13. NERC is responsible for research and training in environmental sciences. It is a non-departmental public body, which receives around £370 million a year from the Department for Business, Innovation and Skills.[52] Its "strategic goal" is "to deliver world-leading environmental research at the frontiers of knowledge".[53] Research funding is provided through three streams: research programmes, responsive mode and national capability. Broadly speaking, research programme funding supports strategically directed research within selected themes, responsive mode funding supports original investigations within NERC's remit and national capability funding focuses on long term investment in large scale research infrastructure or long-term programmes.[54] Research programme and responsive mode funding streams are subject to open competition, whilst national capability is usually delivered by research centres on a long-term basis, and is therefore not usually subject to open competition.[55]

14. NERC received a 3% cash reduction in its funding over the current spending review period, which has put its funding streams under pressure,[56] but it us told that it had "invested significantly in ocean research".[57] In response to the reduction in resources, NERC and its research centres have made some changes to how marine science is supported. These changes were "trying to rebalance" science funding to "move more science into openly competed funding modes" in the hope that this would bring the science community together "to tackle very large earth system questions."[58] This has resulted in funding being moved away from national capability programmes to competitively-run research programmes, which has implications for NERC-funded research centres such as the National Oceanography Centre and British Antarctic Survey. For the National Oceanography Centre, Professor Hill, Director, explained that "the emphasis has been to try to protect a number of key activities".[59] This has led to some areas of work being stopped or slowed down, with some staff reductions "to cope both with that funding reduction and to enable it to operate in the more competitive research environment resulting from the change in funding model".[60] Similarly, at the British Antarctic Survey, Professor Alan Rodger, Director, told us that areas of research "that are fundamentally important for planet Earth" had been prioritised.[61] This included "areas of geology, terrestrial biology and some degree of quaternary and middle atmosphere science", which were chosen via internal prioritisation and with the input of the NERC Science and Innovation Strategy Board.[62]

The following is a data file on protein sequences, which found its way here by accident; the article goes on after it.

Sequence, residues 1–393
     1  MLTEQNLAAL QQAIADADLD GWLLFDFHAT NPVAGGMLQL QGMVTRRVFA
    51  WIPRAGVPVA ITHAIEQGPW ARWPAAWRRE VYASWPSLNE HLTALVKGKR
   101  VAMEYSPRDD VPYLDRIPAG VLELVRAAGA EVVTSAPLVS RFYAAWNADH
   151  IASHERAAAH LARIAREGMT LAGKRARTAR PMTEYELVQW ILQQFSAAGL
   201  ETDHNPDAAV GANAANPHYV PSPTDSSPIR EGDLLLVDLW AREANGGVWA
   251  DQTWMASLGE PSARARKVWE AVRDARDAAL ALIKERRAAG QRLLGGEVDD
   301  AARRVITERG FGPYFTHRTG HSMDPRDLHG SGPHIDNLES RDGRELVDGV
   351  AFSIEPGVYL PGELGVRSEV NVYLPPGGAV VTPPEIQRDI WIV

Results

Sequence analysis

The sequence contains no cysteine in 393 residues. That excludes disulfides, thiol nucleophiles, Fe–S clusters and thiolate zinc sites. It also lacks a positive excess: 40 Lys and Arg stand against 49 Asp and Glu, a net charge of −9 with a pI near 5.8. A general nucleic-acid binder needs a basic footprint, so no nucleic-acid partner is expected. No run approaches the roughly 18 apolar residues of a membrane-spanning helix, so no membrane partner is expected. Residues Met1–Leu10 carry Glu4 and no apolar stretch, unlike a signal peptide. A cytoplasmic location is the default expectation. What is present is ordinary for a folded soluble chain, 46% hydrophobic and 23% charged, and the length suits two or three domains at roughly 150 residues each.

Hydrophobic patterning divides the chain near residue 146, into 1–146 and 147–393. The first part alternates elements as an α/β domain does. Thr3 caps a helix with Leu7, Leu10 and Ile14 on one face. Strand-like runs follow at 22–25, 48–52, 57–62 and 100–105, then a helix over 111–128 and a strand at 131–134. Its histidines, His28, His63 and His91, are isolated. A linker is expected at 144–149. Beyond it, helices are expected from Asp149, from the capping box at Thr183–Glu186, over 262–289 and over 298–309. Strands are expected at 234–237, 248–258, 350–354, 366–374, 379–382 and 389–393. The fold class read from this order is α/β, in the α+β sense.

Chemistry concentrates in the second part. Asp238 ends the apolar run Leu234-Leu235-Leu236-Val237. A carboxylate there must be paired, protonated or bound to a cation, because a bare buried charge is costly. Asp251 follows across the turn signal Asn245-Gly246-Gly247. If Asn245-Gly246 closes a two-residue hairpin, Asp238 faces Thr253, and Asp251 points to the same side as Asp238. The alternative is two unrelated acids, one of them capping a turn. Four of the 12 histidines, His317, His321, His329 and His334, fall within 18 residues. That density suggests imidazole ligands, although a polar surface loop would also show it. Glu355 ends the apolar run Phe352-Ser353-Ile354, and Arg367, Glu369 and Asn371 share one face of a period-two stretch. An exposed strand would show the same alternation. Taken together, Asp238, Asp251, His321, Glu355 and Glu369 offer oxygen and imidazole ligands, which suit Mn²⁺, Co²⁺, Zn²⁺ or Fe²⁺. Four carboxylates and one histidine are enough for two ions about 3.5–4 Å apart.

15. We heard a number of concerns about job losses at NERC research centres as a result of these funding reductions, changes to funding streams and internal reprioritisation exercises. In the most recent redundancy exercise, the National Oceanography Centre lost 32 staff.[63] The British Antarctic Survey expected to lose 18 staff.[64] There were particular concerns about how these job losses had been determined at the National Oceanography Centre. Staff reductions were based on a set of metrics which included the rate at which staff published papers or won competitive funding, with the result that longer term strategic work was perceived to be of less value.[65] This was described as "a move away from investing in strategic marine science"[66] with staff having to "to start thinking more like university scientists".[67] Professor Hill disputed that NERC was responsible for these staff losses and told us that it "does not say to centres that they have to reduce staff; it simply controls the flow of money to the centres, and they respond according to their own circumstances and needs".[68]